“I was the last option,” he said.

As the game wore on, and after Jesus Flores tied the game with an RBI double in the eighth inning, Ramos knew he might be needed. He started taking hacks in the batting cage behind the Nationals’ dugout. With the pitcher’s spot up behind Werth, Johnson called on Ramos.

“At that moment, I just take my batting gloves and say, ‘Okay, I’m the man. Hit the ball hard,’ ” Ramos said.

Ramos checked with hitting coach Rick Eckstein, who told him to watch Schwimer’s slider. Ramos fell behind in the count, then took one ball and fouled off another pitch. With the count 2-2, he looked for a slider. Schwimer threw a hanger. Ramos lined a single to left-center.

The place erupted. At first base, the catcher who spent 48 hours this winter as a kidnapping victim watched his teammates rush at him. Shaving cream stung his eyes. He thought Flores, his fellow Venezuelan, was the culprit. Flores admitted to smearing it, but said a different teammate had brought the shaving cream out to the field.

At home plate, Lombardozzi smashed his helmet to the ground. “I was freaking out,” he said. “I threw my helmet and got to Ramos as fast as possible. I was saying to myself, ‘Did I hit home plate? I hope I did.’ You try to win in nine, but it’s exciting to get it done like that.”

The Nationals struck to their usual script, making sure nothing that happens before the eighth inning really means anything. The fans who trickled out of the park may have forgotten Strasburg actually started the game. He struck out Jimmy Rollins, the leadoff hitter, on three pitches, erasing him on a 91-mph change-up that dropped like a Looney Tunes anvil. Strasburg did not allow a hit or walk in the first three innings.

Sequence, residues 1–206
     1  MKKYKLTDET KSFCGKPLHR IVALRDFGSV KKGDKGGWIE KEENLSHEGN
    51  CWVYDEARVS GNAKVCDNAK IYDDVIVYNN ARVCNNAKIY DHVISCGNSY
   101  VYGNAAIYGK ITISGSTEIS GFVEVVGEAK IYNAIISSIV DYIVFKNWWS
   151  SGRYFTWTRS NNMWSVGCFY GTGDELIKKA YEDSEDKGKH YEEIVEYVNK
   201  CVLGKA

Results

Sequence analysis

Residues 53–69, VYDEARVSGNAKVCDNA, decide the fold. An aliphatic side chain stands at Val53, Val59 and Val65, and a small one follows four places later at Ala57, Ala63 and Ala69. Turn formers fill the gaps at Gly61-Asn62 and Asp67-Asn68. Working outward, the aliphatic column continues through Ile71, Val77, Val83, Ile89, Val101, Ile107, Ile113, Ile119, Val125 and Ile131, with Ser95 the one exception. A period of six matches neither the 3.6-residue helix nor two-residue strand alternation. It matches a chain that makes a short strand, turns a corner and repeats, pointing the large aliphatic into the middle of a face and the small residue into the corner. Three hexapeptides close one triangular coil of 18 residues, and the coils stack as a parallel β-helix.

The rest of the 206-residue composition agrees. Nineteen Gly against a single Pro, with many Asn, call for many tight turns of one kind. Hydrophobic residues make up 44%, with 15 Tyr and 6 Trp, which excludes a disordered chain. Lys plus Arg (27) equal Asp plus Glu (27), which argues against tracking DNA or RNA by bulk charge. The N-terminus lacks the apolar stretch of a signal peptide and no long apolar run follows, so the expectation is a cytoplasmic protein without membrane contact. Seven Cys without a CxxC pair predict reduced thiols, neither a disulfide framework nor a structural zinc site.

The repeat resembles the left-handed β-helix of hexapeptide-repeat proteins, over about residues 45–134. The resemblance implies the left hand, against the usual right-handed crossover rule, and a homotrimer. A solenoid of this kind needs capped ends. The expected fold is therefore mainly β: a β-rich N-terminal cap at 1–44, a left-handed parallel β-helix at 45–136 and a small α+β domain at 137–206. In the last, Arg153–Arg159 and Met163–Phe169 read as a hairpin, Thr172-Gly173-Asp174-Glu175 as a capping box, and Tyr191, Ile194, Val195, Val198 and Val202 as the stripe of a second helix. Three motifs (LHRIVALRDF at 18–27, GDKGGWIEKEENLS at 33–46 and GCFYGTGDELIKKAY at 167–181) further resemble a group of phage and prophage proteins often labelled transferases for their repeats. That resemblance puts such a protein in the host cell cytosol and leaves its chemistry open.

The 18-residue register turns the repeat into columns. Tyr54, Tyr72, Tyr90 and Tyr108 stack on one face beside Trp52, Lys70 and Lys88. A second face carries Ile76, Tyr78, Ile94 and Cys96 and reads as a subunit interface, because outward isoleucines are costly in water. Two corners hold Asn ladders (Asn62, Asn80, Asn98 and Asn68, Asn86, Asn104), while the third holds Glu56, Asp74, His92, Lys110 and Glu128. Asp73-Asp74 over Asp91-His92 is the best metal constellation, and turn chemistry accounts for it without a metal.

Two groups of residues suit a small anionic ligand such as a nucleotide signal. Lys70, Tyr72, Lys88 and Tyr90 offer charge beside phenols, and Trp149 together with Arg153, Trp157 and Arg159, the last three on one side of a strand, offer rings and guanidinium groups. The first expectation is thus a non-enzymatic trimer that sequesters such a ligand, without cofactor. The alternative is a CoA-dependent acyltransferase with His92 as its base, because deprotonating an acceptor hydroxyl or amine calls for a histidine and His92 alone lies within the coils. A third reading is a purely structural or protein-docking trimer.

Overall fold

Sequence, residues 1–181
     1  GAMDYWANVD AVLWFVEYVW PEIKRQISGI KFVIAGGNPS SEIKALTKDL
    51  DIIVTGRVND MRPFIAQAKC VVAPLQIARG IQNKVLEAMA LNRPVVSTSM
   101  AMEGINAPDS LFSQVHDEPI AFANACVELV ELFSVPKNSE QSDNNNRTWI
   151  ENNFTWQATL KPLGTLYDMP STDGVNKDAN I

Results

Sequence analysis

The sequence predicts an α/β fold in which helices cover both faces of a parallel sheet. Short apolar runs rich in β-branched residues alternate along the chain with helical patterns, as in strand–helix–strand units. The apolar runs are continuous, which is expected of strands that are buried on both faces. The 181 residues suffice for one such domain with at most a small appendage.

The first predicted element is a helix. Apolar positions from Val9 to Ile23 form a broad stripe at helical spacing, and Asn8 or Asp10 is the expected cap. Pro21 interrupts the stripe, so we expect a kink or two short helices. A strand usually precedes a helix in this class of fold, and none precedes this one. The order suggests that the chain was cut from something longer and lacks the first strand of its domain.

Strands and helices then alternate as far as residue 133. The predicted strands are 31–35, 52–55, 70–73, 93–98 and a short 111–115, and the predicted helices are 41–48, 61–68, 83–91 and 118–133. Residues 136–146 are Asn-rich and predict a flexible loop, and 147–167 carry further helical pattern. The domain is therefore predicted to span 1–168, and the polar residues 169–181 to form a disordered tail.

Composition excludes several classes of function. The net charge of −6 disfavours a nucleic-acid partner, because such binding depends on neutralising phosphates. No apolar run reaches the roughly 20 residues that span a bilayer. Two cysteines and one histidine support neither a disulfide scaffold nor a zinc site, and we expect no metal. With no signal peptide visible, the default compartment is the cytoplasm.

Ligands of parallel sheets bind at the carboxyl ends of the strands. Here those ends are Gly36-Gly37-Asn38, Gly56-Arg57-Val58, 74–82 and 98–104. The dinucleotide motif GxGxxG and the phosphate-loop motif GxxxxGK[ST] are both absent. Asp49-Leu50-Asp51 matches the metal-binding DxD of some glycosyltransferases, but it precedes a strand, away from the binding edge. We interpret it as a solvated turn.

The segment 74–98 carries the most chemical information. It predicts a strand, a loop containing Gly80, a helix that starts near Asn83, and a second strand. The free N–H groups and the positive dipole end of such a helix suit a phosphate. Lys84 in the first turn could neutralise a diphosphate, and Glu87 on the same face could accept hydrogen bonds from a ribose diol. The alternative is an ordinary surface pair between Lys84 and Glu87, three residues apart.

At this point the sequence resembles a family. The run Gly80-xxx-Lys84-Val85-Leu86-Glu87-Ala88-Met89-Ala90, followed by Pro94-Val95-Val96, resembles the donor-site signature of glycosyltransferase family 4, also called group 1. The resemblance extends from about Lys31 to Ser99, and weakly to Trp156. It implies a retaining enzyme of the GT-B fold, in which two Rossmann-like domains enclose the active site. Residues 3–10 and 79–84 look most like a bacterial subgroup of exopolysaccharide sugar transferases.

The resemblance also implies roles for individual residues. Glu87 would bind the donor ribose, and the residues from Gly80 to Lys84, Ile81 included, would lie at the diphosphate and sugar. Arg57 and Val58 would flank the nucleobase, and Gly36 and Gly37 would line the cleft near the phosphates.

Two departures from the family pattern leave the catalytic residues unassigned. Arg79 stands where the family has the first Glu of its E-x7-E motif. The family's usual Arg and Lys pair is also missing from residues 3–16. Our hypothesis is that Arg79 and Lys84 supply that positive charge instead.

When Hunter Pence walked to the plate in the fourth inning, after Strasburg doubled, Strasburg had not allowed a home run since Adam LaRoche, then an Arizona Diamondback, smashed one against him on August 15, 2010. He had pitched 66 innings since. Entering Friday, 72.4 percent of the batters he faced in 2012 either struck out or grounded out.

Strasburg threw Pence a first-pitch, 80-mph curveball, a sneak attack for strike one. Only Pence was ready. The ball landed in the red seats, giving the Phillies a 2-0 lead.

Chad Tracy responded for the Nationals, leading off the bottom of the inning by golfing a curveball down the right field line into the home bullpen, just his second hit since April 7.

To lead off the fifth, Strasburg threw one curveball, which Carlos Ruiz took for a strike. He tried one more, and Ruiz drilled a home run just over the center field fence. Before the fourth inning Friday night, only one right-handed batter, Dan Uggla, had ever hit a home run against Strasburg. Now, the last two right-handers he faced had sent a curveball over the fence.

“I just left a couple pitches up,” Strasburg said. “It’s an adjustment. It’s a couple pitches that could have gone differently.”

In the end, the Nationals extended the distance between them and the five-time reigning division champions. Late Friday night, music blared in the Nationals’ clubhouse. On a hook next to Ramos’s locker, a red cap hung, covered in shaving cream. Outside the stadium, fans went home happy, except the ones driving all the way back to Philadelphia.